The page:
By Tyler Obropta
Spike Jonze is a genius, because only a genius could pull off a funny, heartfelt romance about a guy who falls in love with his operating system. There are a million moments in Her at in which the movie could have fallen apart completely, namely the sex scene. Certainly, a less-experienced director would have made all of these mistakes, and the movie would have failed. That inexperienced director is Benjamin Dickinson, and the movie that fails is Creative Control.
Dickinson is also the film’s writer and star, a lonely ad developer named David. The film is set in the near-future of New York, where people still smoke cigarettes, use loud construction machines and take yoga classes. It’s a future very similar to our present.
David is working on ads for an augmented reality system called Augmenta, a program that allows the user to do anything — which is to say that the film never occupies itself with telling us what exactly Augmenta does. When somebody puts on the Augmenta glasses, they can look through photo collections, make a video call and sometimes just use the glasses’ interface like a laptop screen.
David, however, uses the glasses to fantasize about Sophie (Alexia Rasmussen), the girlfriend of his best friend Wim (Dan Gill). David’s weird sexual fascination with Sophie is complicated further by his marriage to Juliette (Nora Zehetner), a yoga instructor. Is it still cheating if the other woman is a hologram?
If you thought that sex with a hologram sounds creepy and awkward, you’d be right. Where Her struck a perfectly light and whimsical tone, the romantic situations of Creative Control never become anything that isn’t profoundly creepy and sad. Not to mention the performances; Dickinson’s character is thoroughly unlikeable and every decision he makes against Juliette is one that sinks him deeper into the audience’s contempt.
Oh, and then there’s Reggie Watts! In the world’s most baffling, superfluous subplot, David’s ad company decides to consult Watts to be the spokesperson for Augmenta, as if Reggie Watts is a household name and possesses the same star power as Alec Baldwin or Jeff Goldblum.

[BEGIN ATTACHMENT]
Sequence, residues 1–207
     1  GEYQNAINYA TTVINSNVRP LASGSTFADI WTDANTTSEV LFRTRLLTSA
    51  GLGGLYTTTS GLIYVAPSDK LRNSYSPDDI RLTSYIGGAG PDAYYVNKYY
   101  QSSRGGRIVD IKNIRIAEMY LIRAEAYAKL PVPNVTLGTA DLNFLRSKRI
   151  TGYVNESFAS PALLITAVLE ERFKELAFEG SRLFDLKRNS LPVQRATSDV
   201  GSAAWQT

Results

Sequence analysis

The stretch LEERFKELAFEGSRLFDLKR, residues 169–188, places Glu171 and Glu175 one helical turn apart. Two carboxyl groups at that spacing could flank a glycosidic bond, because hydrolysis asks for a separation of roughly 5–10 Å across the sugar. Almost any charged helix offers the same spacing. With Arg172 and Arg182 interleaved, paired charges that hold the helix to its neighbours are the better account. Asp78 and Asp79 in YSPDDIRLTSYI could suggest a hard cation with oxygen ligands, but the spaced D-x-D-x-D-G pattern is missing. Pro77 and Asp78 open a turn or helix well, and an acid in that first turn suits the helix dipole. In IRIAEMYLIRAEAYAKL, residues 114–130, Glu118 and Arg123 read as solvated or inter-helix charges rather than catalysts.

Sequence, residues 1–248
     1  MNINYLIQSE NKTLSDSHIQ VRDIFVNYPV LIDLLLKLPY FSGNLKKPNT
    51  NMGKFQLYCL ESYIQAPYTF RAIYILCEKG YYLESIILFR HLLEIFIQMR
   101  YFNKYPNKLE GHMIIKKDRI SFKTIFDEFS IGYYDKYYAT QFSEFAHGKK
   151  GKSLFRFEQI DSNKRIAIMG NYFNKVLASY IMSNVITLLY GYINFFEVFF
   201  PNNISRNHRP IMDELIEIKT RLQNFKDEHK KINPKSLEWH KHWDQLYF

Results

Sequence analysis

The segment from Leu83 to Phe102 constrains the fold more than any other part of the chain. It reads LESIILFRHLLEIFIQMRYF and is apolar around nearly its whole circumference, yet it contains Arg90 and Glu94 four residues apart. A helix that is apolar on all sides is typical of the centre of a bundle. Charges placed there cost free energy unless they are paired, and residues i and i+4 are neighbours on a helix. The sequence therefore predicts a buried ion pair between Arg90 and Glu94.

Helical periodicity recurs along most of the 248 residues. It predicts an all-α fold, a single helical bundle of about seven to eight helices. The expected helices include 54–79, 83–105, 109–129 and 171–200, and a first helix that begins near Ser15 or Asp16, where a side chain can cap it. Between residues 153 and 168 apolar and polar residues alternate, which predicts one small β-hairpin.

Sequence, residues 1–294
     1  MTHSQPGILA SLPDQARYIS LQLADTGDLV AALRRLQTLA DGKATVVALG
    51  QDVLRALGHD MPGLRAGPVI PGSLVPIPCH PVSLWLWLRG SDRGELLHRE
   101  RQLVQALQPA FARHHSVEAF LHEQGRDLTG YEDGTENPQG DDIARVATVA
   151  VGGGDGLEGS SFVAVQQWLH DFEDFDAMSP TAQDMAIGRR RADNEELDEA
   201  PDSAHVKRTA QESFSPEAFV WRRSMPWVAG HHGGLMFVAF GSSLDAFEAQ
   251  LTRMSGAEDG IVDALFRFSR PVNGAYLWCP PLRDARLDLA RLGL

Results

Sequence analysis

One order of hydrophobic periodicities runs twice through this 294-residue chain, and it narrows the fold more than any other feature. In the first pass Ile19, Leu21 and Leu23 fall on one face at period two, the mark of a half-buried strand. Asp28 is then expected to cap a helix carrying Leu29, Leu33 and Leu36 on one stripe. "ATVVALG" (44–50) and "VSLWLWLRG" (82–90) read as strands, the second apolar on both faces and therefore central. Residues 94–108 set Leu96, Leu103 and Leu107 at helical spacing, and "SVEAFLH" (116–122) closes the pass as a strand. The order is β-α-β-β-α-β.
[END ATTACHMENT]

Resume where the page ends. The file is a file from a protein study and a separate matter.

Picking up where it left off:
Watts’ very existence in this movie is a puzzle to be solved, and his function as a character is completely lost on me. His performance is so strange, so out of left field, that it completely clashes with the rest of the film. It feels like Watts was acting in a different movie entirely. He spends every one of his scenes pawing around the set like a big, innocent cat, putting out creepy vibes and never leaving his mellow, introspective monotone regardless of subject matter.
It’s even more upsetting because Watts was so heavily promoted in ads for this movie, yet even David and his coworkers treat Watts as a joke. They don’t take him seriously, and Watts isn’t even given that much to do.
Much of Creative Control feels like it’s tearing itself apart at the seams. The script is that of a comedy, but every other element of the film insists that it’s a drama. And, when characters try and tell jokes or Watts does something wacky, I was unsure of whether I should be laughing or analyzing it to see what it had to say about the human condition. Though, in retrospect, I think Creative Control probably has as much to say about the human condition as a can of tuna fish (and tuna can’t comprehend human philosophy).
Apart from the comedic banter and whatever Watts was doing, Creative Control has a surplus of darker, deeper areas that it tries to explore including drugs, withdrawal, betrayal, sex and a collapsing marriage. It overreaches and consequently winds up not paying enough attention to any of its themes.
Still, the film’s portrayals of intimacy are something to be admired. Dickinson has a good sense of the dialogue in these close romantic exchanges. A scene in which two characters’ conversation evolves into a kiss feels natural, realistic. Sex scenes feel true to life — now, I’ve never made love to a bearded hippie yoga instructor before, but the way that scene plays out is delightfully void of all the schmaltz and sexiness typical not just of big Hollywood films, but also of most indies.
But Creative Control’s unlikeable main character, convoluted plot, creepy relationship and cynical future are all enough to make one long for the odd, colorful fashion and simple love story of Her. At least Her has 100% less Reggie Watts.